Were we contacted by aliens in 1977?

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1. The search for aliens

Are we the only island of life in the vastness of space, or is our Galaxy teeming with other civilisations?

We've long been intrigued by the idea that we are not alone. The search for extra-terrestrial intelligence (SETI) - was born from this curiosity - the use of sophisticated scientific methods to try to detect a signal coming from life elsewhere in the Galaxy.

In the 1960s, radio astronomy was put to work in the search. Radio telescopes surveyed the sky, searching for something that might come from an alien civilisation. For years they heard nothing except the background hum of space. Then one day in 1977, a radio telescope in the US received a signal...

2. A signal from space

Watch Brian tell the story of the signal picked up by the Big Ear radio telescope in 1977.

Clip from Human Universe (BBC Two)

The Wow! signal fitted the profile of an alien transmission. Other explanations have been ruled out. Transmitters on Earth can’t use the same frequency, and the signal was too narrow to come from natural sources. Interstellar scintillation, the audio equivalent of a star twinkle, has also been dismissed.

3. Never to be heard again

Scientists immediately searched for a repeat of the Wow! signal.

They scanned the sky in the direction of the constellation Sagittarius, where the signal had come from. And as technology improved, more sensitive telescopes were put on the case, along with software that was designed to find signals among the background noise.

But despite several decades of searching, the signal has never been seen again. It remains a mystery.

So how likely are we to ever find intelligent life, somewhere in our Galaxy?

4. The Drake Equation

In 1961, astronomer Frank Drake devised an equation to estimate the number of detectable civilisations in our Galaxy.

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Drake estimated there should be between 1,000 and 100,000,000 detectable civilisations. Scientists have continually revised his figures, based on a better understanding of some of the variables in the equation. A conservative estimate today is that there are between two and 50,000. But the real value of the Drake equation is to highlight the areas we must focus on in the search for alien life.

5. The best candidates for life

In the last few years, scientists have found 21 potentially habitable planets outside our solar system. Here are five of the leading candidates.

1/5: HD 40307g (pictured above) orbits in its star's habitable zone, meaning that it is the right distance from the star for water to exist as a liquid. All life needs water to survive, so only planets in a habitable zone are likely to support it.

Image: PHL @ UPR Arecibo

2/5: Gliese 832c is in a habitable zone, but its orbit grazes the zone's inner and outer edges. This means it’s likely to have very hot and cold seasons. A less stable environment reduces the chances of life.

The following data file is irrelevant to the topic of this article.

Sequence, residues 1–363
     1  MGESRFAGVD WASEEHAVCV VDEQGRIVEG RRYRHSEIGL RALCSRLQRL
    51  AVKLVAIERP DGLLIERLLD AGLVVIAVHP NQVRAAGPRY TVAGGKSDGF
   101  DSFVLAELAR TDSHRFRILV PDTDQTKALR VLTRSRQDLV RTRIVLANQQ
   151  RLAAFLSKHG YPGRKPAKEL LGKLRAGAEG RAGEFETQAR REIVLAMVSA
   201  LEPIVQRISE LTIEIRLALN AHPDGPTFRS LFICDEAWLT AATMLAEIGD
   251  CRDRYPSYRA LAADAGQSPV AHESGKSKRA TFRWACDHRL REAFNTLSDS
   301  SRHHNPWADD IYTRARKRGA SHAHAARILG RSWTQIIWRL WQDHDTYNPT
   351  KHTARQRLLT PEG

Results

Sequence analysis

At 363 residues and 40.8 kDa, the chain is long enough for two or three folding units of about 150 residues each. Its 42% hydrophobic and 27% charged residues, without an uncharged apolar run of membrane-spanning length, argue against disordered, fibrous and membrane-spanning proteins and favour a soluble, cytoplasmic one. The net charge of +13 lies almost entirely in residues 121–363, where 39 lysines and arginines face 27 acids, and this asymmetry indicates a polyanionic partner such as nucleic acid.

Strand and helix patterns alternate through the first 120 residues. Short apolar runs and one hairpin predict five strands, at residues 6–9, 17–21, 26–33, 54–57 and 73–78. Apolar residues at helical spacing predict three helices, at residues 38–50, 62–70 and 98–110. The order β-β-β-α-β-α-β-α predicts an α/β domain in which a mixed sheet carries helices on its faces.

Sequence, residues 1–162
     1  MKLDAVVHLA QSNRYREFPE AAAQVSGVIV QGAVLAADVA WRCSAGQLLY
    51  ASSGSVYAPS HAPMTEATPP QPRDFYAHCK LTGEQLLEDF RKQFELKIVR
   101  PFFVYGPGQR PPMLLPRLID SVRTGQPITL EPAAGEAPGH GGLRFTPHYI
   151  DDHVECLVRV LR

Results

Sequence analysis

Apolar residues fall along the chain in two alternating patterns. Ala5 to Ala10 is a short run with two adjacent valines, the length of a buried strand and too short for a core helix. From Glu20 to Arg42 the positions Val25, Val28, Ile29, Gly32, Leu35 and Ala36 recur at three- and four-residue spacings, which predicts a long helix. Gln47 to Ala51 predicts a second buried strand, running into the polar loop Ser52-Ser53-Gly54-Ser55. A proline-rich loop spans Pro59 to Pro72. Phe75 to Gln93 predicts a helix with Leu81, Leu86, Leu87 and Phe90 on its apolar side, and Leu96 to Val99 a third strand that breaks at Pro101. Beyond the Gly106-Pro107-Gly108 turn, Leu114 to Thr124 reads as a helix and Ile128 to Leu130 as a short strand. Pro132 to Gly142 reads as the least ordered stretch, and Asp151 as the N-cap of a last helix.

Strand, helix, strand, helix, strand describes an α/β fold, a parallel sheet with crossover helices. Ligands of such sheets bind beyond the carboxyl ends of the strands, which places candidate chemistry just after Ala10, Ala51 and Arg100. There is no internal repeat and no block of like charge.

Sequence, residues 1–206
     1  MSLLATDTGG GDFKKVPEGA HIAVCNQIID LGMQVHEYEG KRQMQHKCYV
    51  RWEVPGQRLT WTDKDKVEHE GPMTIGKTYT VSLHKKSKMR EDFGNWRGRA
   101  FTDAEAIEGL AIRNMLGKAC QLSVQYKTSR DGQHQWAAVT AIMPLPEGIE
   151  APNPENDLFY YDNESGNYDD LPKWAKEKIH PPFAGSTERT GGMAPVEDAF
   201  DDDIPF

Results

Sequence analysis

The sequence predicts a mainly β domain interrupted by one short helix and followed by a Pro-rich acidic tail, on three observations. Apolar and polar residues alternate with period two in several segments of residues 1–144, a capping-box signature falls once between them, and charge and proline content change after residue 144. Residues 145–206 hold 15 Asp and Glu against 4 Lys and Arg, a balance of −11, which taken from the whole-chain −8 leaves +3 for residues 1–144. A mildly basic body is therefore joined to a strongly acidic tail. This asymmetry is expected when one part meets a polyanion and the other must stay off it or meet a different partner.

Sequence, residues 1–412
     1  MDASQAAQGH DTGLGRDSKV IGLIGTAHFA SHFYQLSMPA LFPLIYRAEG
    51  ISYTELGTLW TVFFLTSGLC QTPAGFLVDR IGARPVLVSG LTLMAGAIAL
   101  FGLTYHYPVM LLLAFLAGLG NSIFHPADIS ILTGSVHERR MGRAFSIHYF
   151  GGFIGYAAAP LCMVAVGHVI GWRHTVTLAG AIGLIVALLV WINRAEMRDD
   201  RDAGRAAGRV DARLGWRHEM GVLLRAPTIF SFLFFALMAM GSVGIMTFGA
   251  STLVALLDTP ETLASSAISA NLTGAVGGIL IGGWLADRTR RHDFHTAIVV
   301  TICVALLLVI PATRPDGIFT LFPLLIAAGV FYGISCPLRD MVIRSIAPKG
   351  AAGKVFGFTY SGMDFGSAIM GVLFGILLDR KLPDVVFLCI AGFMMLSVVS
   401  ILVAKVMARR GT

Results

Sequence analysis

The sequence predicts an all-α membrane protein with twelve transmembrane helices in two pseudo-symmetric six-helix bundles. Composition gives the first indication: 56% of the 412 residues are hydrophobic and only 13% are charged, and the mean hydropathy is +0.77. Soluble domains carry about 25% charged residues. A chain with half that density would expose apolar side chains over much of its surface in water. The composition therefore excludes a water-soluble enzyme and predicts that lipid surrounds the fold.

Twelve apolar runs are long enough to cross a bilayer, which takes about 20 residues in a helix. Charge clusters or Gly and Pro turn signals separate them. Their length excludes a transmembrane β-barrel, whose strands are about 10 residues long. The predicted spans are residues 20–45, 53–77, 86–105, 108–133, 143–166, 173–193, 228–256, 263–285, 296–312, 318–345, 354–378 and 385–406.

Image: PHL @ UPR Arecibo

3/5: Kepler 186 f (left) is a similar size to Earth (right). Being Earth-sized is a good sign. Too large, and planets could be uninhabitable gas giants, like Jupiter. Too small, and planets may have lost their atmosphere because of weak gravity.

Image: PHL @ UPR Arecibo

4/5: Kepler 62f is a large planet, but scientists think it is rocky. Large and rocky is good; Earth is only just big enough to have plate tectonics (surface movement of the crust, which recycles carbon dioxide and stabilises temperatures for life).

Image: NASA Ames/JPL-Caltech

5/5: Only 13 light years away from Earth, Kapteyn b is around 11.5 billion years old. This makes it the oldest potentially habitable planet ever discovered - and being twice as old as Earth, it has had plenty of time to develop life as we know it.

Image: PHL @ UPR Arecibo

6. “Where is everybody?”

If there are tens of thousands of detectable civilisations in our Galaxy, then why haven’t we picked up any obvious signs of life?

This contradiction is known as the Fermi Paradox, after physicist Enrico Fermi. He argued that if a large number of alien civilisations existed, some would have been around much longer than us and would have developed technologies to colonise other planets.

Some of these civilisations would have had more than enough time to spread across the Galaxy. Yet he hadn't had any indication that they exist. Nor have we since – apart from, perhaps the Wow! signal in 1977.

The idea is best expressed in Fermi’s simple question “Where is everybody?” There are several possible answers...

7. What's the reason for the big silence?

There are several explanations as to why we haven’t we picked up any signals from space.

Space is too vast

Alien civilisations exist too far away

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Space is too vast

Image: NASA, ESA, ESO

We can't survey every part of the night sky, and it's possible that radio signals will become too weak as they cross our galaxy to be detected.

Civilisations don't last

Intelligent species never survive long enough to overlap

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Civilisations don’t last

Image: Don Davis, NASA

Advanced civilisations may tend to destroy themselves, through war or environmental catastrophe. If not, a disaster like an asteroid strike might wipe them out.

Our planet is unique

Earth is the only planet with complex life

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Our planet is unique

Image: Getty Images

According to the Rare Earth theory, even if simple life has arisen elsewhere, the chance events that led to intelligent life on our planet is highly improbable.